Get a daily overview of your system with Logwatch

Fedora, Red Hat Enterprise and CentOS systems (and possibly more distributions too) ship with a tool called Logwatch. Logwatch is absolutely invaluable if you're running a server of any kind as it allows you to stay up-to-date with what's going on inside your system.

As the name suggests, it watches the system's log files. Every day it will send you a digest email containing bits of information from the logs around your system. This makes it nice and easy to check up on what your system has been up to without manually trawling through your logs.

By default, Logwatch sends email reports to the root user on your system. To read them, you'll need to become root, then run the mail command to enter your email system (if you've configured a different MTA, then use that instead of mail).

$ su -
[[enter your root password when prompted]]
# mail

Once in the mail interface, enter a number and press Enter to read the corresponding email (if you have any). Logwatch emails will be clearly identified as such in the subject line. You can scroll through and read your email using space, Enter or Page Down. When you want to quit out of the mail interface, type q at the prompt. (For more information about using the mail interface, try man mail)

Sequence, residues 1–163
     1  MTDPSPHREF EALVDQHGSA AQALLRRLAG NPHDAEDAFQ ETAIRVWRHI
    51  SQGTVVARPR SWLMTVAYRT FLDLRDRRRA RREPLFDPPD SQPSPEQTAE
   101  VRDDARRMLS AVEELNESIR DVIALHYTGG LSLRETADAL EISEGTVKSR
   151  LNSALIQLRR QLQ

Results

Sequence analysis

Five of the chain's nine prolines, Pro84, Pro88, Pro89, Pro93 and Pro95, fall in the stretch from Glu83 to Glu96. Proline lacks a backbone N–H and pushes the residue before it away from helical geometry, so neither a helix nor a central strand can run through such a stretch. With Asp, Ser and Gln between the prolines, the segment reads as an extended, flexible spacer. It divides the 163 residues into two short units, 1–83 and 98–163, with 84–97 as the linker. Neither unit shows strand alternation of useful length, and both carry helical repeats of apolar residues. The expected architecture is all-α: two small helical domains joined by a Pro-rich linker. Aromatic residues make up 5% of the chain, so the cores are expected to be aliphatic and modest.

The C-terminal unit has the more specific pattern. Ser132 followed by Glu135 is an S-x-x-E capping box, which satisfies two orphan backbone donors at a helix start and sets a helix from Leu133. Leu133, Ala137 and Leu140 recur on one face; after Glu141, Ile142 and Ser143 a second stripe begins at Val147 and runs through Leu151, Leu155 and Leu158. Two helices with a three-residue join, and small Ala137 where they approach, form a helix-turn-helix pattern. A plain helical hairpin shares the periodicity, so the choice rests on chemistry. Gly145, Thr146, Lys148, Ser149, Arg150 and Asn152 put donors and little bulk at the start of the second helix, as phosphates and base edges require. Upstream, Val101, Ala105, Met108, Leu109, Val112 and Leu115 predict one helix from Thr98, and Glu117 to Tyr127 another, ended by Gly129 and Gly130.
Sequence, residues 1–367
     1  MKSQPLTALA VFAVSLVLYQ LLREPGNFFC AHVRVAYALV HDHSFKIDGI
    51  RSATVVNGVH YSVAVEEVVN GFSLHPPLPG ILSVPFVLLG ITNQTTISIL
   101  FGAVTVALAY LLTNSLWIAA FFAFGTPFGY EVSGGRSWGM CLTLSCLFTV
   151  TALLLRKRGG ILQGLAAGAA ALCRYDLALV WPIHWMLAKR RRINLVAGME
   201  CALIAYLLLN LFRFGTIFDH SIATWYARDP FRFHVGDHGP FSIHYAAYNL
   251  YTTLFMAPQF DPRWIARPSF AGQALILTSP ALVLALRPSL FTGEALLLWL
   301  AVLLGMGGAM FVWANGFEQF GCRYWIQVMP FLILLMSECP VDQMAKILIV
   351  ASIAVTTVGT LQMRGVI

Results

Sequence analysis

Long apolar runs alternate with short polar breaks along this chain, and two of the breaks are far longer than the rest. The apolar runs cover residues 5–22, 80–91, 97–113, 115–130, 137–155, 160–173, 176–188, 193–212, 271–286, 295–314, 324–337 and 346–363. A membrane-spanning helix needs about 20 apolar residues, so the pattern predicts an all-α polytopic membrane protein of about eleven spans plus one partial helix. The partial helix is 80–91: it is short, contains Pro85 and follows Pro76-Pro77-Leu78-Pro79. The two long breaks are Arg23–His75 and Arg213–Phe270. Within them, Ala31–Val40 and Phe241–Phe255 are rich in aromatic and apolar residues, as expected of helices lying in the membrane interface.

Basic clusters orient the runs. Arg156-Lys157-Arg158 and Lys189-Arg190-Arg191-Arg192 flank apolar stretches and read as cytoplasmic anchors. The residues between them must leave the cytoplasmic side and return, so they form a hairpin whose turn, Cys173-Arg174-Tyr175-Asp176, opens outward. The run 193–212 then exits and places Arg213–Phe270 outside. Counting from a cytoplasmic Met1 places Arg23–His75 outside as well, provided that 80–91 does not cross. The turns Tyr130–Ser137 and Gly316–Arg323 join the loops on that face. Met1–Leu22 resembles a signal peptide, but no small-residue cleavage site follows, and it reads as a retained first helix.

Logwatch where set up will send one email every day with a summary of the latest changes. If you remember to check your mail as root daily, you can easily see what's going on with your server! Logwatch is a great tool that ships by default with Red Hat-derived distros and a lot of people don't realise it even exists. When you're running a server, it can prove to be very useful.

If your distro doesn't ship with Logwatch, search in your package manager and choose to install it.

Avatar for peter Peter Upfold -

Peter Upfold is a technology enthusiast from the UK. Peter’s interest in Linux stems back to 2003, when curiosity got the better of him and he began using SUSE 9.0. Now he runs Linux Mint 9 on the desktop, runs a CentOS-based web server from home for his personal website and dabbles in all sorts of technology things across the Windows, Mac and open source worlds.

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